Posted by on October 1, 2013

It’s been almost 10 years since the release of FileMaker 7, and with it, the introduction of custom functions to the developer arsenal. Over the last year or so, I’ve been making ever greater use of this feature, and thought that perhaps sharing the uses I make of custom functions might prove educational to others.

I’m going to provide a few explanatory examples, so keep in mind the following conventions that I use when working with custom functions:

  • All custom functions have a four-letter namespace prefix, such as devp for functions specific to developer needs, txtp for text processing functions, appl for application-specific functions.

  • All parameters and local variables in custom functions begin with an underscore and use the underscore to separate words, resulting in names like _my_parameter and _my_variable.

  • When sharing the code for a function here, the first line will display it as it would be called but with the arguments that would normally be sent replaced with the named parameters from the function’s definition, followed by a colon. The lines that follow are the source code of the function itself, as in:

    devp.MyFunction( _param_1; _param_2 ): _param1 & _param_2 

Standard Custom Functions

I tend to think of these functions as fulfilling the original purpose of custom functions, replacing common calculation code with a function, thereby abstracting the purpose. Once you have created the custom function (and have tested it sufficiently), you don’t have to remember how it works, and if you later find a better way to accomplish the task, you can replace the code in the custom function and all calls to the function will automatically take advantage of the update.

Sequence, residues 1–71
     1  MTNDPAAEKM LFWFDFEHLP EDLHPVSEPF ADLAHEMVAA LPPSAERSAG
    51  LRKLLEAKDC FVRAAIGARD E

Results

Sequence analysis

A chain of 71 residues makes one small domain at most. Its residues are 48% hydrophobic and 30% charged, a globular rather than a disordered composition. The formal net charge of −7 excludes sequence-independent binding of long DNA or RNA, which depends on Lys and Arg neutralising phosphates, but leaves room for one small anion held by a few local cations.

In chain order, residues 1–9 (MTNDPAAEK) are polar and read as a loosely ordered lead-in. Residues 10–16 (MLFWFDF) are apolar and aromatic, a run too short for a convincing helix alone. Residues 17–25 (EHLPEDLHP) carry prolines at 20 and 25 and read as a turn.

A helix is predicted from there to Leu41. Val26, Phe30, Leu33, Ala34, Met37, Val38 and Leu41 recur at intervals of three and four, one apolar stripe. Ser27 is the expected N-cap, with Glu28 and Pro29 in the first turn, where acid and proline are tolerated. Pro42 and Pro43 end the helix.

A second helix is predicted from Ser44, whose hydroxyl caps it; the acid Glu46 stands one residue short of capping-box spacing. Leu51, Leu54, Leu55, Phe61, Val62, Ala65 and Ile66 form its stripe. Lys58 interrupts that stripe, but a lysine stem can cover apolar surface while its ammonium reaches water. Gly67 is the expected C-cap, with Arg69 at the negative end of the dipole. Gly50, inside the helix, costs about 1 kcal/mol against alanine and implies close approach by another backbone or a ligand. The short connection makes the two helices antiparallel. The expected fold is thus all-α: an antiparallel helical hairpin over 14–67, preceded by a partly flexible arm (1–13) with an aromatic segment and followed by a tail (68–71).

For example, it’s somewhat common to need to know if a number is an integer, and the simple code for this would be something like Int( _number ) = _number, so I have a custom function for this purpose.

nump.IsInteger( _number ): Int( _number ) = _number 

A more complicated example is a replacement for the built-in Trim function, which removes spaces from the beginning and end of a text string. Unfortunately, Trim ignores whitespace, and most of the time that I want to remove spaces, what I actually want is to remove all beginning and ending whitespace, including returns and tabs.

For this I have txtp.Supertrim.

txtp.Supertrim( _text ): // Speedily (and with no recursion) remove leading and trailing white space, // including spacing, tabs and returns, from a text string. // // Created by Debi Fuchs, Let( [ // Determine value of original string with ALL whitespace removed.  _text_2 = Substitute( _text; [ " "; "" ]; [ " "; "" ]; [ " "; "" ]; [ "¶"; "" ] ); // Determine position of first non-ws character in original string. _first_char = Position( _text; Left( _text_2; 1 ); 0; 1 ); // Determine position of last non-ww character in original string. _last_char = Position( _text; Right( _text_2; 1 ); Length( _text ); -1 ) ]; // If any non-whitespace characters exist return appropriate middle portion of // original Text. Case( _first_char; Middle( _text; _first_char; _last_char - _first_char + 1 ) ) ) 

By the way, I think that there are two spaces in there (note I didn’t write this function) because one is a normal space and the other is a non-breaking space, but I haven’t confirmed this.


Unlike script and layout organization, FileMaker doesn’t yet (as of version 12) offer custom function folders, so a couple of years ago I begin using the same techniques for custom function organization that I used to use for script and layout organization, which is to create custom functions which serve solely as dividers of sections of custom functions.

As I mentioned with regards to my custom function naming standards, every custom function begins with a four-letter namespace prefix, but each of these four-letter prefixes has one custom function that serves as the header for that prefix. Since the actual functions are named with a prefix, followed by a dot, and then the function name, I use the same prefix but follow it with an underscore, the name of the section, and then enough underscores to serve as a dividing line: appl_____ Application Functions ___________________________________________________, devp_____ Developer ___________________________________________________, txtp_____ Text Processing ___________________________________________________. Since the underscore sorts before the period, sorting my custom function list by function name effectively places these “folder” functions before all of the functions with the same prefix.

Common Constants